Auburn psychological sciences professor researching how to predict, stop self-harm in people with eating disorders
One-third of people who struggle with an eating disorder will think about suicide, and one-fourth of people with anorexia and bulimia will attempt it.
Associate Professor April Smith’s latest study focuses on how to predict and prevent suicidal thoughts and actions before they occur in people with eating disorders.
“We know that there's a really robust relationship between eating disorders and suicide ideation and attempts, but we don’t have a good sense of why,” Smith said. “We don’t know what specific features of eating disorders predict later ideation, or what might lead somebody with ideation to transition to a suicide attempt. We’re hoping with this project to get at those fundamental questions.”
Smith, who directs the Research on Eating Disorders and Suicidality (REDS) Lab and co-directs the Auburn Eating Disorders Clinic, received support from the National Institute on Mental Health to study what predicts suicidal ideation and attempts in people with anorexia.
During the study, more than 200 participants who struggle with anorexia will wear technology that senses heart rate, emotional responses, sleep quality and more. Participants will also self-report their symptoms and emotions through an app.
For three weeks, Smith and her co-principal investigator, Associate Professor Cheri Levinson at the University of Louisville, will collect a wealth of individual data from participants in hopes to pinpoint under what conditions suicide ideation or attempt occurs.
“Research has shown that suicidality is a dynamic process,” Smith said. “People can start to think about suicide over the course of minutes or hours, and they can start to think about making an attempt again in short timeframes. If we're not able to capture those short time windows, then we're really missing out on potentially important predictors of that transition from not thinking about suicide to thinking about suicide and then to an actual attempt.”
Smith and Levinson’s team will use machine learning to create individual models of risk, or a pattern of behavior that predicts suicide ideation or attempt, from the data.
If the machine learning model is successful in predicting self-harm, Smith and Levinson’s research could help clinicians and individuals establish a real-time alert system to divert people with eating disorders from suicidal thoughts or actions.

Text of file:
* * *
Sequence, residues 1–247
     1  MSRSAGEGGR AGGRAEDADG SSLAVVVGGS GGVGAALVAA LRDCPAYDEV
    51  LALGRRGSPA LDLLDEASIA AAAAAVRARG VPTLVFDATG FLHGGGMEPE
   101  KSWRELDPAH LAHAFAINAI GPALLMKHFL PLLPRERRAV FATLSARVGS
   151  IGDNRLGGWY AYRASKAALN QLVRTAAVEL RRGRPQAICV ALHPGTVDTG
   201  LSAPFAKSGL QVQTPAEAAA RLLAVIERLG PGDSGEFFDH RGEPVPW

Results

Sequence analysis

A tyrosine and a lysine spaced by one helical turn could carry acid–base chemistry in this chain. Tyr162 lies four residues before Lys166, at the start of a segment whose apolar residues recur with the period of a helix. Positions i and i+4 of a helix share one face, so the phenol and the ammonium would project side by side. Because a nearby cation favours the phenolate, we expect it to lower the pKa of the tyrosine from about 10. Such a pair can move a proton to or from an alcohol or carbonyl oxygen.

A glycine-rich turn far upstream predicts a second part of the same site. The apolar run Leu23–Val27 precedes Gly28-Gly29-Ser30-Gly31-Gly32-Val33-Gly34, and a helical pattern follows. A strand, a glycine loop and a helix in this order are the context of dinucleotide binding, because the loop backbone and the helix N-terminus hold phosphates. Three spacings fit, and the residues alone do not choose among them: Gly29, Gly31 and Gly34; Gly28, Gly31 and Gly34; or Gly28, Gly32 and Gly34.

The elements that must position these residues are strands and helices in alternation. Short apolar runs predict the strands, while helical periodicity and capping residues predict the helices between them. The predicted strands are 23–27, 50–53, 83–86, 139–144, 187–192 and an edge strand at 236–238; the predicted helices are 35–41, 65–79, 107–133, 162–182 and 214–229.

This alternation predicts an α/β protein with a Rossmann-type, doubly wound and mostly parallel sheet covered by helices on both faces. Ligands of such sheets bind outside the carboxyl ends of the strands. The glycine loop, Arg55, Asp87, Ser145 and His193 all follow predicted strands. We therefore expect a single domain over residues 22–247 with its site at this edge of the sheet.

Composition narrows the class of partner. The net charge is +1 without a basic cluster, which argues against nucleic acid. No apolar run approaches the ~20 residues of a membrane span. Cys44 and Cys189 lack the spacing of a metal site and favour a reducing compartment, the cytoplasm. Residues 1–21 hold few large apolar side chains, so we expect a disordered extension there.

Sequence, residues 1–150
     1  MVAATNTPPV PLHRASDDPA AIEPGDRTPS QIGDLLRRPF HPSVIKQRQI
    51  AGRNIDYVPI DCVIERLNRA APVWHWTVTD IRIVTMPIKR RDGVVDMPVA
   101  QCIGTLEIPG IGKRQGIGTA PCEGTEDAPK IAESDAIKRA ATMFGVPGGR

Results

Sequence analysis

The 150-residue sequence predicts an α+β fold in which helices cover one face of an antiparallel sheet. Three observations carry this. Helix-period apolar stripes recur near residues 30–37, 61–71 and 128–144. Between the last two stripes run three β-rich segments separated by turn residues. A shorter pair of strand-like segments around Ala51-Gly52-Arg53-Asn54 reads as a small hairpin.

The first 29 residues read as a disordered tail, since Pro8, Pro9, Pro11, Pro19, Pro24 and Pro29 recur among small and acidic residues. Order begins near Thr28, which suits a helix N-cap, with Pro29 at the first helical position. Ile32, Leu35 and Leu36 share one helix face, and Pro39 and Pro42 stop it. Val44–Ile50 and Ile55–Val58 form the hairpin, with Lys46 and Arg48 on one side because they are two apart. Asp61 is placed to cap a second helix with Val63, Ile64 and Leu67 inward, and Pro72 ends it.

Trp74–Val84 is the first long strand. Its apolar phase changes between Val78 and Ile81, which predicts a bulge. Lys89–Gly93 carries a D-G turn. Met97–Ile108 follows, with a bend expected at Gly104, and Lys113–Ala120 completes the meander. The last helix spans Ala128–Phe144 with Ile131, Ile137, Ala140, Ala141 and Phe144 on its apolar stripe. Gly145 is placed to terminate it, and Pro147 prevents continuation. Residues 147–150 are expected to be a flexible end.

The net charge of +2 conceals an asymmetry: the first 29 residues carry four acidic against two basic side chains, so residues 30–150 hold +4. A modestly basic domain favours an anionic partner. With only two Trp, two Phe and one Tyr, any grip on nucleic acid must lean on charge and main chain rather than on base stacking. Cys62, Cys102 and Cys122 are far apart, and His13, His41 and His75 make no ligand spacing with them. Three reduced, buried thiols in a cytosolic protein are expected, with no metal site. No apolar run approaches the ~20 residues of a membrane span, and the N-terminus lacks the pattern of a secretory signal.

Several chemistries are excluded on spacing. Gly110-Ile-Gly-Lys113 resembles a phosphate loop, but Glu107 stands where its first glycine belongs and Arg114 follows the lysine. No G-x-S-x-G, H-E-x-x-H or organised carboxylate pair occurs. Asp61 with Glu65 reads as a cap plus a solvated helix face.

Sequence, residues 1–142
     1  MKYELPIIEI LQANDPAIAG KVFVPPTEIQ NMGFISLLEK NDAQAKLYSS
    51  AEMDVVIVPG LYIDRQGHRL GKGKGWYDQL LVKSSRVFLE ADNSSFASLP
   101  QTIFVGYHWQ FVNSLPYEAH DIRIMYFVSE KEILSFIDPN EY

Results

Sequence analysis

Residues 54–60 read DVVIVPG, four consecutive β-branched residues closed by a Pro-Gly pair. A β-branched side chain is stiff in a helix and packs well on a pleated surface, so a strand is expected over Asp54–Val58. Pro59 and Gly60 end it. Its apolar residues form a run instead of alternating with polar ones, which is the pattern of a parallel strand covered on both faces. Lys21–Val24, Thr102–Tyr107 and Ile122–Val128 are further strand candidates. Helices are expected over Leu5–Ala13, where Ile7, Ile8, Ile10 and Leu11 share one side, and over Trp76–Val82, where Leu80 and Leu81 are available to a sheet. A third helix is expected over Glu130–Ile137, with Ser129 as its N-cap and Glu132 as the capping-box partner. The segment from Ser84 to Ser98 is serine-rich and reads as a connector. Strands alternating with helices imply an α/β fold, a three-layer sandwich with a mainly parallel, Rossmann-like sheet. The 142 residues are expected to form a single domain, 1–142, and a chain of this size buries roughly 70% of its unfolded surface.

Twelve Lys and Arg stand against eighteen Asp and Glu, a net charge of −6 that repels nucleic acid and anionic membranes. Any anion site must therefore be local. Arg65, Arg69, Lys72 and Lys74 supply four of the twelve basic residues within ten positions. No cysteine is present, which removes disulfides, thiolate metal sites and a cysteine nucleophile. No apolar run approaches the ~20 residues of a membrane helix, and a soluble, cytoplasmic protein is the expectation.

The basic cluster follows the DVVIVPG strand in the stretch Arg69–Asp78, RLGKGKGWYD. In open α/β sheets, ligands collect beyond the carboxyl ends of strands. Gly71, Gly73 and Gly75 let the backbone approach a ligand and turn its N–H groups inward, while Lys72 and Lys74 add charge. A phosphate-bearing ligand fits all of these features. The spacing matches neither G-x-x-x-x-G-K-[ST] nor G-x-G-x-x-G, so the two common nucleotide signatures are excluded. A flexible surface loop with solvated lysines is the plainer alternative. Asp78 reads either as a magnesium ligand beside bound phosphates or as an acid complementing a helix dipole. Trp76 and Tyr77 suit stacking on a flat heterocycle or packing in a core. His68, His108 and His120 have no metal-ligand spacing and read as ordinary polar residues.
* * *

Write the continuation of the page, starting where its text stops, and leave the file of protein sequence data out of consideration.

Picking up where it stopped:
“We think that we should be able to take these algorithms and put them in apps for clinicians or put them on smart watches for individuals,” Smith said. “These algorithms could then alert a person or their clinician that, ‘Based on what we know about your models, you're likely to start to experience ideation’ or ‘The symptoms you are experiencing right now suggest that you might be vulnerable to a suicide attempt.’ This in turn could hopefully avert suicide attempts.”
The NIMH’s $1.3 million grant to Auburn will support the time and wearable technology required to conduct the five-year study, which will include recruiting participants with anorexia and atypical anorexia.
Anorexia is characterized by low body weight and engaging in behavior to reduce body weight. Atypical anorexia shares those symptoms and associated risks, excluding a low body weight. The relationship between suicide risk and atypical anorexia is underexplored.
Smith hopes the results of the study not only improve clinical outcomes but raise awareness of the severity of eating disorders.
“I hope another outcome from this work is that people can appreciate that eating disorders are really serious and potentially deadly conditions,” Smith said. “But the good news is we also know the best predictor of eating disorder recovery is early intervention. If there are people out there who are struggling with an eating disorder or know somebody who is, early intervention is really the key because otherwise, as the research shows, these can be quite serious and even deadly.”